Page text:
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Curr Med Chem. 2011;18(27):4169-74.

Aptamers as therapeutics in cardiovascular diseases.

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Department of Gastroenterology, Southwest Hospital, The Third Military Medical University, Chongqing, China.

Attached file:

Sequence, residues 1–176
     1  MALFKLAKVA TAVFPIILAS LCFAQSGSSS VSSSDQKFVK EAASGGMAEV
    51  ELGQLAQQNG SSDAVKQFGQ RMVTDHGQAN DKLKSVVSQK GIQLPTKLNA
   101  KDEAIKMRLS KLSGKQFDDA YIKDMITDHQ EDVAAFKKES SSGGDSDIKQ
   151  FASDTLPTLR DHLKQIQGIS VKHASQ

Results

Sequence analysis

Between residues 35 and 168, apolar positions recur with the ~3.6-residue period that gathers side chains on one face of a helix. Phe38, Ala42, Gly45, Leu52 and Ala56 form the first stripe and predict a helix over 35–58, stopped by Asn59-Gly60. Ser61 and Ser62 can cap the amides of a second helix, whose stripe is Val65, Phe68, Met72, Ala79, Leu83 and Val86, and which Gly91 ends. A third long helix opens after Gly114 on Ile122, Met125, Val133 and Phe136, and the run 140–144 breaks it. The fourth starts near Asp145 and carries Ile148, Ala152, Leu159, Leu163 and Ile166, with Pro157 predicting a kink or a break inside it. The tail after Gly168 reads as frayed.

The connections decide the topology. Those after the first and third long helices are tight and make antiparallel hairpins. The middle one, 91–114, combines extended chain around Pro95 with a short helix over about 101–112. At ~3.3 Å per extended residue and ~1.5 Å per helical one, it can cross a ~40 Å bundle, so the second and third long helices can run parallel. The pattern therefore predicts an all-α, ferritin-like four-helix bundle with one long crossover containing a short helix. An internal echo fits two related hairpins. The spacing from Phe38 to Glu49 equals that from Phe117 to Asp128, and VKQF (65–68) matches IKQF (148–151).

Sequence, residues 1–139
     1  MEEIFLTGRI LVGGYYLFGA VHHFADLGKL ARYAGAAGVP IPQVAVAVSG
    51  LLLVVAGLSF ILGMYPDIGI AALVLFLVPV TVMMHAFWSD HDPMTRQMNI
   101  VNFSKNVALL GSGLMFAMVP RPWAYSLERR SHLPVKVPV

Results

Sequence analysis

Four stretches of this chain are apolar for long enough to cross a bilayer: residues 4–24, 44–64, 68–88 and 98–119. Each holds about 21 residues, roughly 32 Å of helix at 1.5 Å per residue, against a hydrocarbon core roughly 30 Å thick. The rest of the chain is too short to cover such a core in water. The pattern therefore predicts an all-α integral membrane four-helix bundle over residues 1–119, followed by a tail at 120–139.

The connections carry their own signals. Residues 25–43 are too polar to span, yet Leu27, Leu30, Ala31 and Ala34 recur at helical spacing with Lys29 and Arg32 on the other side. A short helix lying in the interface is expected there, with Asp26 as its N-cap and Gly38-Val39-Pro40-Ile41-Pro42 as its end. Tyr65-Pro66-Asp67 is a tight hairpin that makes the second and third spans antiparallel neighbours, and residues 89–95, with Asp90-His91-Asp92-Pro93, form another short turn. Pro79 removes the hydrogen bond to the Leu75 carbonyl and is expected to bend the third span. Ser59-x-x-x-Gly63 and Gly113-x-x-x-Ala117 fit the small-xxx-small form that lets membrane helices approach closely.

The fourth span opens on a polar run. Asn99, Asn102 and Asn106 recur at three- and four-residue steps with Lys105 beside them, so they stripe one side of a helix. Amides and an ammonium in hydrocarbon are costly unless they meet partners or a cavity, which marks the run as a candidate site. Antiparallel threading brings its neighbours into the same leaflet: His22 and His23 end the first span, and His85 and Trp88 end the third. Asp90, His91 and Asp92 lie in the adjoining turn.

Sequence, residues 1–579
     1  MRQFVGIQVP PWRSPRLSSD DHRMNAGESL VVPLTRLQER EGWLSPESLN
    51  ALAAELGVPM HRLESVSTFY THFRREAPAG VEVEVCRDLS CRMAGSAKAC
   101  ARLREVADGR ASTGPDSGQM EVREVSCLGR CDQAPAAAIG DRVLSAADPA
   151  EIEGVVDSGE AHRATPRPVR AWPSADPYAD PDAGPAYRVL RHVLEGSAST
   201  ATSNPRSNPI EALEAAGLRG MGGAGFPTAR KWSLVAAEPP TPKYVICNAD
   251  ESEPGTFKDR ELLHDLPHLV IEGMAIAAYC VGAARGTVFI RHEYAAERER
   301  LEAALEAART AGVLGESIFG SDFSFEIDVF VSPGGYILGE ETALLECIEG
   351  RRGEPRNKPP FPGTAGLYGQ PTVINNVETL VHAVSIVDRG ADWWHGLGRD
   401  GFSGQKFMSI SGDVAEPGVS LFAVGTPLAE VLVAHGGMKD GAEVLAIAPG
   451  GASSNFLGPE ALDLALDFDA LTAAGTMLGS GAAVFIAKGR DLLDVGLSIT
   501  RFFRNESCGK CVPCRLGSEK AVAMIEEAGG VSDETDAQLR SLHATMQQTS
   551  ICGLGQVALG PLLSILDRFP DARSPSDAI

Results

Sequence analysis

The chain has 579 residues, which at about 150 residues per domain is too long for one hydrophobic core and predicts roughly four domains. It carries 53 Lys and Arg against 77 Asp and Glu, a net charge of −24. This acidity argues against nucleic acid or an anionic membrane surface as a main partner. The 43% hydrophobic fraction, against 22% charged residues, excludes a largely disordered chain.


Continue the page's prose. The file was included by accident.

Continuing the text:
With many advantages over other therapeutic agents such as monoclonal antibodies, aptamers have recently emerged as a novel and powerful class of ligands with excellent potential for diagnostic and therapeutic applications. Typically generated through Systematic Evolution of Ligands by EXponential enrichment (SELEX), aptamers have been selected against a wide range of targets such as proteins, phospholipids, sugars, nucleic acids, as well as whole cells. DNA/RNA aptamers are single-stranded DNA/RNA oligonucleotides (with a molecular weight of 5-40 kDa) that can fold into well-defined 3D structures and bind to their target molecules with high affinity and specificity. A number of strategies have been adopted to synthesize aptamers with enhanced in vitro/in vivo stability, aiming at potential therapeutic/diagnostic applications in the clinic. In cardiovascular diseases, aptamers can be developed into therapeutic agents as anti-thrombotics, anti-coagulants, among others. This review focuses on aptamers that were selected against various molecular targets involved in cardiovascular diseases: von Willebrand factor (vWF), thrombin, factor IX, phospholamban, P-selectin, platelet-derived growth factor, integrin α(v)β(3), CXCL10, vasopressin, among others. With continued effort in the development of aptamer-based therapeutics, aptamers will find their niches in cardiovascular diseases and significantly impact clinical patient management.

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